32 relations: Allegheny Observatory, Am star, Apparent magnitude, Bayer designation, Binary star, Bright Star Catalogue, Constellation, Durchmusterung, Epoch (astronomy), Flamsteed designation, Fraunhofer lines, Heber Doust Curtis, Henry Draper Catalogue, Hipparcos, International Celestial Reference System, Latinisation of names, Lick Observatory, Light-year, Luminosity, Lyra, Minute and second of arc, Orbital eccentricity, Orbital period, SIMBAD, Smithsonian Astrophysical Observatory Star Catalog, Solar mass, Solar radius, Stellar classification, Stellar parallax, Sun, William Wallace Campbell, X-ray astronomy.
The Allegheny Observatory is an American astronomical research institution, a part of the Department of Physics and Astronomy at the University of Pittsburgh.
An Am star or metallic-line star is a type of chemically peculiar star of spectral type A whose spectrum has strong and often variable absorption lines of metals such as zinc, strontium, zirconium, and barium, and deficiencies of others, such as calcium and scandium.
The apparent magnitude of a celestial object is a number that is a measure of its brightness as seen by an observer on Earth.
A Bayer designation is a stellar designation in which a specific star is identified by a Greek letter, followed by the genitive form of its parent constellation's Latin name.
A binary star is a star system consisting of two stars orbiting around their common barycenter.
The Bright Star Catalogue, also known as the Yale Catalogue of Bright Stars or Yale Bright Star Catalogue, is a star catalogue that lists all stars of stellar magnitude 6.5 or brighter, which is roughly every star visible to the naked eye from Earth.
A constellation is a group of stars that are considered to form imaginary outlines or meaningful patterns on the celestial sphere, typically representing animals, mythological people or gods, mythological creatures, or manufactured devices.
In astronomy, Durchmusterung or Bonner Durchmusterung (BD), is the comprehensive astrometric star catalogue of the whole sky, compiled by the Bonn Observatory (Germany) from 1859 to 1903.
In astronomy, an epoch is a moment in time used as a reference point for some time-varying astronomical quantity, such as the celestial coordinates or elliptical orbital elements of a celestial body, because these are subject to perturbations and vary with time.
A Flamsteed designation is a combination of a number and constellation name that uniquely identifies most naked eye stars in the modern constellations visible from southern England.
In physics and optics, the Fraunhofer lines are a set of spectral lines named after the German physicist Joseph von Fraunhofer (1787–1826).
Heber Doust Curtis (June 27, 1872 – January 9, 1942) was an American astronomer.
The Henry Draper Catalogue (HD) is an astronomical star catalogue published between 1918 and 1924, giving spectroscopic classifications for 225,300 stars; it was later expanded by the Henry Draper Extension (HDE), published between 1925 and 1936, which gave classifications for 46,850 more stars, and by the Henry Draper Extension Charts (HDEC), published from 1937 to 1949 in the form of charts, which gave classifications for 86,933 more stars.
Hipparcos was a scientific satellite of the European Space Agency (ESA), launched in 1989 and operated until 1993.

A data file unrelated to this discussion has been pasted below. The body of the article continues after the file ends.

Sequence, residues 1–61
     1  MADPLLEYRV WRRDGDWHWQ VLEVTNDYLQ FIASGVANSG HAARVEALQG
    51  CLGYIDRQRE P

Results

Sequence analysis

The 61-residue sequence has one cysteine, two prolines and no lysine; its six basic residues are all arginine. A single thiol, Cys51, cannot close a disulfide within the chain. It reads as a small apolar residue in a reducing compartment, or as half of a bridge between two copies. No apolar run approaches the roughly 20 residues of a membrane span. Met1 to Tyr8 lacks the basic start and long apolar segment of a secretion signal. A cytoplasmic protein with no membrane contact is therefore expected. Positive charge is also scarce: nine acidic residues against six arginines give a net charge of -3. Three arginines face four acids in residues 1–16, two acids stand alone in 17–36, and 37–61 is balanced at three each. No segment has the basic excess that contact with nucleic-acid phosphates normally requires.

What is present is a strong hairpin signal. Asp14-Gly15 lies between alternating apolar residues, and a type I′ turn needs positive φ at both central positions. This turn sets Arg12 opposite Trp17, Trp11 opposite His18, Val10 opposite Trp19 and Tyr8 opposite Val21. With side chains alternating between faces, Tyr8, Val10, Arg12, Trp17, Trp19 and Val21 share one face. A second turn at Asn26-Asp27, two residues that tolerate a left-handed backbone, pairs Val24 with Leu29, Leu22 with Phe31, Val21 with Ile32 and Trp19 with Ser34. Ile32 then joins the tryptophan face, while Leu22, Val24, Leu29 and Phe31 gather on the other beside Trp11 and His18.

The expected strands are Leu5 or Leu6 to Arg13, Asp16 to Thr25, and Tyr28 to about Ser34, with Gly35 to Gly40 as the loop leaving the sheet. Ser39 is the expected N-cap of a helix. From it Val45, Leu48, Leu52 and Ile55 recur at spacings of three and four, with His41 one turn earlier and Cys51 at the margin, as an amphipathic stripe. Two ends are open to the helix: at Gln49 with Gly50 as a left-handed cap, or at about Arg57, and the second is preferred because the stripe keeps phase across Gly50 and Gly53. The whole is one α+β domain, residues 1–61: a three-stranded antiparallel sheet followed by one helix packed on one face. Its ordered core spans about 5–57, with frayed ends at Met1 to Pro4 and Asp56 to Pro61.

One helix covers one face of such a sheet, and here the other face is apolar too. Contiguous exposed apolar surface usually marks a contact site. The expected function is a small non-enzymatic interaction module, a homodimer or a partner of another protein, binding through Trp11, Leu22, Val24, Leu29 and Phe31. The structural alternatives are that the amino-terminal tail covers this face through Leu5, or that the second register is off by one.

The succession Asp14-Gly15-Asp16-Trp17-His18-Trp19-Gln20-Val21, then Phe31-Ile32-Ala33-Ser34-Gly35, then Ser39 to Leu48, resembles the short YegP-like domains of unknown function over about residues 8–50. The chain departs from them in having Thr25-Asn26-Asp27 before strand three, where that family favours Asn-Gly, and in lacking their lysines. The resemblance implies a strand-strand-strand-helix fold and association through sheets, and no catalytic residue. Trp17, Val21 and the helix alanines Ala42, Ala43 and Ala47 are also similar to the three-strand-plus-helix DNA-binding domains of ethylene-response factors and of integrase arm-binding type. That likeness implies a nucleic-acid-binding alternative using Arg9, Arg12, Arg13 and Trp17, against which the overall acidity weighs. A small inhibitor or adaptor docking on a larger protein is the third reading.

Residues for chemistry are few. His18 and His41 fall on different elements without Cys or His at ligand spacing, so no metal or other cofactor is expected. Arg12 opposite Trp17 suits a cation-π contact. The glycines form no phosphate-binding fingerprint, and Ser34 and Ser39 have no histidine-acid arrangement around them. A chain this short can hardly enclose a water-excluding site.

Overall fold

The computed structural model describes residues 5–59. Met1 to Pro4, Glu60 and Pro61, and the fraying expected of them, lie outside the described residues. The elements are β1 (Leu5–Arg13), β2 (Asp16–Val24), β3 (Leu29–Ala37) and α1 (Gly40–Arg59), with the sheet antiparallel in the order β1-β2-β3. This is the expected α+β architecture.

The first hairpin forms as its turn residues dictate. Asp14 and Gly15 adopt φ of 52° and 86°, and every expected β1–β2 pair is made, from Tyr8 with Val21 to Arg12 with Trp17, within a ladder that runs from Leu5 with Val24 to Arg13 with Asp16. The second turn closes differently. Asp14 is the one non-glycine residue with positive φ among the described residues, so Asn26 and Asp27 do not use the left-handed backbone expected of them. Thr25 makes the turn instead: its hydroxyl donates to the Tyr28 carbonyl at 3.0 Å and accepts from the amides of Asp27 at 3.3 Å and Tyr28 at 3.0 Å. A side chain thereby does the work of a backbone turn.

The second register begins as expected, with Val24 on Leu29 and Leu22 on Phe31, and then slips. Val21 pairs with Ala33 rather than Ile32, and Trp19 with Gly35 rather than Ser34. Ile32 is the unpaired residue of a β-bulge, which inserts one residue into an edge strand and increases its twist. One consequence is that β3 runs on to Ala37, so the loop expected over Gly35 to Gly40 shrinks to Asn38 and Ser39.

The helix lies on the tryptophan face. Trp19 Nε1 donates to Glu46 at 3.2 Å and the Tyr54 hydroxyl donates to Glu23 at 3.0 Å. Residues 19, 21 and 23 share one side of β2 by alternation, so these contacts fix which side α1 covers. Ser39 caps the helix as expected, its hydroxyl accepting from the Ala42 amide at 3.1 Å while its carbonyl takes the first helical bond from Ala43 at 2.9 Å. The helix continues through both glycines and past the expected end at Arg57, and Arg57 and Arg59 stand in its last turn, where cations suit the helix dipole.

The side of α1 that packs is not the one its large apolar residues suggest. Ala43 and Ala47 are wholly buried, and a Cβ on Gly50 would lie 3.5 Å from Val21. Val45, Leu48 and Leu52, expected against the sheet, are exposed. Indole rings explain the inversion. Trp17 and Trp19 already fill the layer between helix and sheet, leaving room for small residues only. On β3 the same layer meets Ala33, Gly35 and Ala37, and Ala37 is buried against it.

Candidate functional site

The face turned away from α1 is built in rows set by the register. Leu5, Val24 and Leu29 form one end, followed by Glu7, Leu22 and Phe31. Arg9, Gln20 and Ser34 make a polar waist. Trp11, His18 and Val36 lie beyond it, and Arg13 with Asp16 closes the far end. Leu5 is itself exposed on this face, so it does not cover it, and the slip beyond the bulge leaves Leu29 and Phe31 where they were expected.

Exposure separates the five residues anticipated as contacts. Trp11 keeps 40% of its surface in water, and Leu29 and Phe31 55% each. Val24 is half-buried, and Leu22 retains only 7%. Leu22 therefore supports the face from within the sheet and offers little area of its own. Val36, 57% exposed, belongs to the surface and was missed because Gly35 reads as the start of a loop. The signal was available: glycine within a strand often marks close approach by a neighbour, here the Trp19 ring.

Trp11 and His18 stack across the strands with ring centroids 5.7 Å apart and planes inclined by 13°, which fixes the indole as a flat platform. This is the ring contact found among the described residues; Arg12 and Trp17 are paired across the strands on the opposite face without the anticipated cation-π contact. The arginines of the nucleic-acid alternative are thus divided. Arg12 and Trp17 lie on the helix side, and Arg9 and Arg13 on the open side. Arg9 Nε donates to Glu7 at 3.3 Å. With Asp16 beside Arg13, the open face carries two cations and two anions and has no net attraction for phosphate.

The International Celestial Reference System (ICRS) is the current standard celestial reference system adopted by the International Astronomical Union (IAU).
Latinisation or Latinization is the practice of rendering a non-Latin name (or word) in a Latin style.
The Lick Observatory is an astronomical observatory, owned and operated by the University of California.
The light-year is a unit of length used to express astronomical distances and measures about 9.5 trillion kilometres or 5.9 trillion miles.
In astronomy, luminosity is the total amount of energy emitted per unit of time by a star, galaxy, or other astronomical object.
Lyra (Latin for lyre, from Greek λύρα) is a small constellation.
A minute of arc, arcminute (arcmin), arc minute, or minute arc is a unit of angular measurement equal to of one degree.
The orbital eccentricity of an astronomical object is a parameter that determines the amount by which its orbit around another body deviates from a perfect circle.
The orbital period is the time a given astronomical object takes to complete one orbit around another object, and applies in astronomy usually to planets or asteroids orbiting the Sun, moons orbiting planets, exoplanets orbiting other stars, or binary stars.
SIMBAD (the Set of Identifications, Measurements, and Bibliography for Astronomical Data) is an astronomical database of objects beyond the Solar System.
The Smithsonian Astrophysical Observatory Star Catalog is an astrometric star catalogue.
The solar mass is a standard unit of mass in astronomy, equal to approximately.
Solar radius is a unit of distance used to express the size of stars in astronomy.
In astronomy, stellar classification is the classification of stars based on their spectral characteristics.
Stellar parallax is the apparent shift of position of any nearby star (or other object) against the background of distant objects.
The Sun is the star at the center of the Solar System.
William Wallace Campbell (April 11, 1862 – June 14, 1938) was an American astronomer, and director of Lick Observatory from 1901 to 1930.
X-ray astronomy is an observational branch of astronomy which deals with the study of X-ray observation and detection from astronomical objects.